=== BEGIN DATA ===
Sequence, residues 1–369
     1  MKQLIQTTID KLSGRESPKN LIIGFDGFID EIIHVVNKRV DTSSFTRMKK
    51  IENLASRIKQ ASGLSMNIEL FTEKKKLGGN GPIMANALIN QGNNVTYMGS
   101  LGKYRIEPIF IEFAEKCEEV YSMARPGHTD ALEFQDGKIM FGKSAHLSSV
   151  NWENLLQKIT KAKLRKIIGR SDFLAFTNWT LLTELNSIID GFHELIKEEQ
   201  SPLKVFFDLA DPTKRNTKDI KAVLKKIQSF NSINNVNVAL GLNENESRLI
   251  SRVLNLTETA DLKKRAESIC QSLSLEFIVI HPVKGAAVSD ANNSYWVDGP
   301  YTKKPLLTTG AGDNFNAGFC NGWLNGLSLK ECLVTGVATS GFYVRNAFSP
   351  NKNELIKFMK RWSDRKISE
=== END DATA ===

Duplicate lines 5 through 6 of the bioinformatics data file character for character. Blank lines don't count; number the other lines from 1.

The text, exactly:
   151  NWENLLQKIT KAKLRKIIGR SDFLAFTNWT LLTELNSIID GFHELIKEEQ
   201  SPLKVFFDLA DPTKRNTKDI KAVLKKIQSF NSINNVNVAL GLNENESRLI